Review: the Time Machine by H.G. Wells

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After falling in love with H.G. Wells in Edgar Allan Poe’s Murder Mystery I really wanted to read books written by him. Like, the actual real life him, not the actor. As I told you guys in a blogpost before, I really love the Oxford World Classics books, and they had several of H.G. Wells books, so I bit the bullet and got myself the Time Machine!

At a Victorian dinner party in Richmond, London, the Time Traveler returns to tell his extraordinary tale of mankind’s future in the year 802,701 AD. It is a dystopian vision of Darwinian evolution, with humans split into an above-ground species of Eloi, and their troglodyte brothers. 
The first book H. G. Wells published, The Time Machine is a scientific romance that helped invent the genre of science fiction and the time travel story. Even before its serialization had finished in the spring of 1895, Wells had been declared “a man of genius,” and the book heralded a fifty year career of a major cultural and political controversialist. It is a sardonic rejection of Victorian ideals of progress and improvement and a detailed satirical commentary on the Decadent culture of the 1890’s.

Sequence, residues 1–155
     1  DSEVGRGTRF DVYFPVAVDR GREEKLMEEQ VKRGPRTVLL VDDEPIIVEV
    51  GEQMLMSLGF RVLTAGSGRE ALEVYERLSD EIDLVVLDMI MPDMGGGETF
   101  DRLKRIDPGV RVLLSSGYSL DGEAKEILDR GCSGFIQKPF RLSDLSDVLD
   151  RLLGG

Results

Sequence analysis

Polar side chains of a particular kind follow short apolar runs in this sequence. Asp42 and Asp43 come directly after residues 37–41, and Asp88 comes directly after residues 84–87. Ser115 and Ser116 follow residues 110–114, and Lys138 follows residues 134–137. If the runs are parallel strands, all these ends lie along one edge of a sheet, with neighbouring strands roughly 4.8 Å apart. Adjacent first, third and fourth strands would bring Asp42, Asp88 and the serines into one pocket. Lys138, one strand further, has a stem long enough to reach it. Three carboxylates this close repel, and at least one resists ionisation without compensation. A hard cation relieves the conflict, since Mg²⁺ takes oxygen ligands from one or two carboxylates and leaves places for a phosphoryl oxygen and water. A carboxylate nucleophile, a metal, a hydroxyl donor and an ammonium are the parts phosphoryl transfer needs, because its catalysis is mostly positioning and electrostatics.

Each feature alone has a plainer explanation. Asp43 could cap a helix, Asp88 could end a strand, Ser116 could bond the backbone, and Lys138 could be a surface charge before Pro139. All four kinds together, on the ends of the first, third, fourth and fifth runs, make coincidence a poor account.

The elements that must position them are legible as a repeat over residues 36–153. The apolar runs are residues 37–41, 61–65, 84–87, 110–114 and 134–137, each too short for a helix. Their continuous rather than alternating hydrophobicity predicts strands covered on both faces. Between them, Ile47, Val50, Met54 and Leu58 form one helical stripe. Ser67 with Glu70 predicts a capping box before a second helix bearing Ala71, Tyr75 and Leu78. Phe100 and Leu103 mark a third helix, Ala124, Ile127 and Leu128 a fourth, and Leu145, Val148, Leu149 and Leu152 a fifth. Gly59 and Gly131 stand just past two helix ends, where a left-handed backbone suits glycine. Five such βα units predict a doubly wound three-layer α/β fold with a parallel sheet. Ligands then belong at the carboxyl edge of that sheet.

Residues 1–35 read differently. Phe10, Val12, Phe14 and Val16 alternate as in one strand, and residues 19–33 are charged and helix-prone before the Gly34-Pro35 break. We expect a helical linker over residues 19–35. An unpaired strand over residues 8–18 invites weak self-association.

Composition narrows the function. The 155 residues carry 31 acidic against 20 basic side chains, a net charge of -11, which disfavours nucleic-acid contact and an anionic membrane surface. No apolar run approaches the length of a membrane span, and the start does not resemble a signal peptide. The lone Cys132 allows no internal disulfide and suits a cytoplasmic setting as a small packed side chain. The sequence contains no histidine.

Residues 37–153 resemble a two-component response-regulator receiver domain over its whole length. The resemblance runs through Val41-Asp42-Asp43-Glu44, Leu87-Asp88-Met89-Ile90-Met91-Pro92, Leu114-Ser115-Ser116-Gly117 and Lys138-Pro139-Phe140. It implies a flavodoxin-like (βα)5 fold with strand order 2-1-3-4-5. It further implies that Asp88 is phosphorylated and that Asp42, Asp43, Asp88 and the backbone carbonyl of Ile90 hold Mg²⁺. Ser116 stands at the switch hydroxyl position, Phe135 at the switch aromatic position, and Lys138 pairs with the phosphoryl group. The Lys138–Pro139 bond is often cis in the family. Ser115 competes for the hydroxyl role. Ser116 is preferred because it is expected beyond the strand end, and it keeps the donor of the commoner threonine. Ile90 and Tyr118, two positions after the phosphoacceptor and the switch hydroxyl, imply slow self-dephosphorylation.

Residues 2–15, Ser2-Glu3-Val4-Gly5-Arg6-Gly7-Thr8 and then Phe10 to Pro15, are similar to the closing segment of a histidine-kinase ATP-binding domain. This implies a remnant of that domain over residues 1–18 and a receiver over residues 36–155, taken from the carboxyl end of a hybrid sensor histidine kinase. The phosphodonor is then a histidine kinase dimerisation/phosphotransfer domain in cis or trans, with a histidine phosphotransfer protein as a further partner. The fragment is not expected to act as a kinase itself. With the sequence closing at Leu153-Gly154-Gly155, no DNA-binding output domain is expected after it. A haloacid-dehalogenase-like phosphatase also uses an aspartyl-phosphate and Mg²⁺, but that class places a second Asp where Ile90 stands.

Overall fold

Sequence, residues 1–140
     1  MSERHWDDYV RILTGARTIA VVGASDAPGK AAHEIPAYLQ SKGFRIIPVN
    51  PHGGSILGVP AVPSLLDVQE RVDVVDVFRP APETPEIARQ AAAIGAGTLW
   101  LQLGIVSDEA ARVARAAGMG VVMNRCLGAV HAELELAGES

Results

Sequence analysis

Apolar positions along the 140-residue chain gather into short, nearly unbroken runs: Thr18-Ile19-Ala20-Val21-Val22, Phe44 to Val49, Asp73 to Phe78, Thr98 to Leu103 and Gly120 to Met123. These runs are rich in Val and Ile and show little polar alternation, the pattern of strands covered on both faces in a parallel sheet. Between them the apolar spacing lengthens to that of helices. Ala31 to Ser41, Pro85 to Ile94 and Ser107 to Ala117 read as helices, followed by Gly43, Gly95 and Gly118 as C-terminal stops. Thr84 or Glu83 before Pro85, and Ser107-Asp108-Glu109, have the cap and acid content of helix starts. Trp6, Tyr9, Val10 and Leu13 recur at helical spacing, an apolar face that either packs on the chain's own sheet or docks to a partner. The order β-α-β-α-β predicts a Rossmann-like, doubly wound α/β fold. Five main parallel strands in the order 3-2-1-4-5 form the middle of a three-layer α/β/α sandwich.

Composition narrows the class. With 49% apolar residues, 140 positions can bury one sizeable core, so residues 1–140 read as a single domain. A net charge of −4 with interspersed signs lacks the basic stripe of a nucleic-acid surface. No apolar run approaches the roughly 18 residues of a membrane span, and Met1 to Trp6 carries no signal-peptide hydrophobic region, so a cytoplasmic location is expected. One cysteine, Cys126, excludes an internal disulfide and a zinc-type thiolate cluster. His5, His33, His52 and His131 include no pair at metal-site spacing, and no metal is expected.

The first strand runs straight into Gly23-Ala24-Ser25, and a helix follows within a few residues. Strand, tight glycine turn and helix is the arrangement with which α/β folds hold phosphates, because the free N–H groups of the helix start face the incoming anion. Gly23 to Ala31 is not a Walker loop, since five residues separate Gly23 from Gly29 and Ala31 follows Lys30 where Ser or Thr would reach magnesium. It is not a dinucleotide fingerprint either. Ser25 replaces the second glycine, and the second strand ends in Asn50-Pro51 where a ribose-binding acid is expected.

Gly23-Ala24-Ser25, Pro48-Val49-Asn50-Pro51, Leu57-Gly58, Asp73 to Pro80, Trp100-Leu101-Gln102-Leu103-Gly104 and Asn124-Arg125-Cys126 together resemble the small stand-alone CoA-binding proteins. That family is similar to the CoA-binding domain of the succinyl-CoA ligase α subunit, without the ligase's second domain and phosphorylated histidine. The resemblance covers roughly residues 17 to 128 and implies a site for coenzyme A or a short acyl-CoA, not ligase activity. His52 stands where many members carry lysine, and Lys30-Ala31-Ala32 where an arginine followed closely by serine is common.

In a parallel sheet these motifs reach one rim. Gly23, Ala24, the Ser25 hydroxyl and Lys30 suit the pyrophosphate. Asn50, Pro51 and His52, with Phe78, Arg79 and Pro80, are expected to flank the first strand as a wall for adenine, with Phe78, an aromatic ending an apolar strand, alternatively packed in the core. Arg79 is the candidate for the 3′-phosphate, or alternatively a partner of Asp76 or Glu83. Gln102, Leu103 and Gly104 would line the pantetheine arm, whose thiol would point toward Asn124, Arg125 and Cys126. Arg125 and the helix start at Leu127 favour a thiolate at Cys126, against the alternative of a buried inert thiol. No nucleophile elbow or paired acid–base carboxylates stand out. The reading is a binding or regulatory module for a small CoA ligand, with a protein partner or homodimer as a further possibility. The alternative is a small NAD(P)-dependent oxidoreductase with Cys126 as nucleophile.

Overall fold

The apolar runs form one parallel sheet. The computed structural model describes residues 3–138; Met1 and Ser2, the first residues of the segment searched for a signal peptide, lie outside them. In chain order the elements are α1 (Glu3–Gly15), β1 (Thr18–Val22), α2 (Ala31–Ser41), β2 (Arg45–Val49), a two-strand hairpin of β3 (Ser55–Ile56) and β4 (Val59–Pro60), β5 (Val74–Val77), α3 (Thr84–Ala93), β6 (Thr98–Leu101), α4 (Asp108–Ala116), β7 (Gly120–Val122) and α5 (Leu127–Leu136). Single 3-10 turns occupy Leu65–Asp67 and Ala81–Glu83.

I feel really conflicted about this book. I did enjoy it, but I didn’t enjoy it all the time. At times this book got really boring? Which is a shame, as it isn’t a boring story. Granted, I don’t read a lot of science fiction (if any!) but I do really like classics. I think the main issue with this book is that even though the story is about 100 pages, the story itself seemed way too long. Especially the last few chapters that felt too much, as if Wells just wanted to prolong his success as long as possible.

The main issue with a lot of people with reading classics is the use of language, and this one is incredibly easy to read. Yes, it’s a Victorian novel, but it’s published in the 1890s, so the language is really easy. If you are a little bit worried about your Victorian vocabulary, the Oxford World Classics series gives a handy dandy little list in the back with words and sayings that were popular then and explains them to you. So if you are worried about it being too difficult, get one of these editions!

Again, I don’t really know what I think about this book. I enjoyed it, but it was quite boring at times and it felt too long. Would I recommend it? I don’t know! I think that if you are like me, and enjoy classics, you would like this, especially if you like science fiction. I do want to read more books by H.G. Wells, so maybe after a second book I can finally make up my mind whether I think him boring or not!

Have you read anything by H.G. Wells?

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